Hello everyone.
So an article was posted recently that caused a bit of a kerfuffle on r/NoPoo: it
showed that when raw baking soda is added to water, the pH remained more or
less the same, regardless of the amount of water added. Only when she took some of the bakingsoda
water solution (i.e. AFTER the solution is in equilibrium) was dilution possible.
I thought it might be instructive to look at why that is. Not entertaining, particularly, but instructive. There's a metric buttton of equations in here, which is why I changed from just posting on reddit to the blog.
–Let’s do some conversions and define some terms–
1 tablespoon = 0.0148 L
1 cup = 0.237 L
2 cups = 0.473 L (Not dodgy math: the values of 1 cup and 2
cups were calculated independently and rounded to three significant figures)
Baking soda =
NaHCO_{3} (Take heed! Baking soda is a chemical. It's not really even a natural one most of the time.)
–There are a few factors that complicate this reaction–
First of all, pH is the measure of acidity or basicity in aqueous solutions. That is to say, before we can talk
about what the pH of NaHCO3 “is”, we first have to make a solution with water.
Furthermore, NaHCO_{3} is a weak base, which means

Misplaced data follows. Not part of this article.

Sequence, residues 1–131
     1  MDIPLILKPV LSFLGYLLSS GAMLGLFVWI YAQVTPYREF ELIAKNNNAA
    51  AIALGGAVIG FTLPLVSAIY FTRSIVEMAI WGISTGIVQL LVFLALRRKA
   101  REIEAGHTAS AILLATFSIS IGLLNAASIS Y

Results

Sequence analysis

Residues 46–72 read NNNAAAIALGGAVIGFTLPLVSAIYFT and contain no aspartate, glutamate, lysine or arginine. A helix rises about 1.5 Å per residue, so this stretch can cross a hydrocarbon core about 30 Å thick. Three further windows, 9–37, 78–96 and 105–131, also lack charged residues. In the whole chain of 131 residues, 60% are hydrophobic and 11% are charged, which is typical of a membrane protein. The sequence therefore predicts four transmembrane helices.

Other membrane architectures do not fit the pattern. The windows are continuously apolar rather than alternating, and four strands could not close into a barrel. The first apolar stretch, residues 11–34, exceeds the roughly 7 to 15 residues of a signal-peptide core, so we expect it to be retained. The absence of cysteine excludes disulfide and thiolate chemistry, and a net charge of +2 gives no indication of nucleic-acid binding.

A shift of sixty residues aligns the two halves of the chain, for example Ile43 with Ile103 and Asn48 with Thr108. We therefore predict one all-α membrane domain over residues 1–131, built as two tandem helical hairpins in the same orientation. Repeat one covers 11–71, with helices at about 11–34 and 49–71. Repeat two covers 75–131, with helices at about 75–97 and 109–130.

it does not dissociate completely in water (Rats! This means loads more work
for us).
What happens when you mix NaHCO_{3} with water?
The Na^{+} ion is a “spectator ion”, leaving us with
HCO_{3}. This gets even trickier because HCO_{3} is amphiprotic, meaning it can act like an
acid OR a base, depending on the reaction. HCO_{3} can react to form its conjugate acid H_{2}CO_{3} (carbonic acid) and OH^{}
(what makes a solution basic), and viceversa, although the system will
eventually reach equilibrium. We
need to know the acid dissociation
constant (k_{a}) and base
dissociation constant (k_{b}).
The k_{a} of a weak acid can be used to find the k_{b}
of its conjugate base, using k_{a}*k_{b}=1x10^{14}. The k_{a} of carbonic acid is 4.45x10^{7},
so the k_{b} of HCO_{3}
is 2.25x10^{8}.
–Let’s get started!–
We have to do a few preliminary calculations.
First, we need to know what the molarity of our baking soda solution. Let’s assume that we are making the standard 1 tablespoon of
baking soda to 2 cups of water nopoo mix, since this is the most
frequentlygiven ratio, the one that people are advised to try first and then
adjust based on results.
We need to know what 1 tablespoon of baking soda is in
grams, which is a bit of a pain, because one is a measure of volume and the
other of mass. There’s no clear
conversion. If you try and find out by googling,
you’ll find kind of a range of answers.
So, I figured I’d just measure a tablespoon for myself and see what I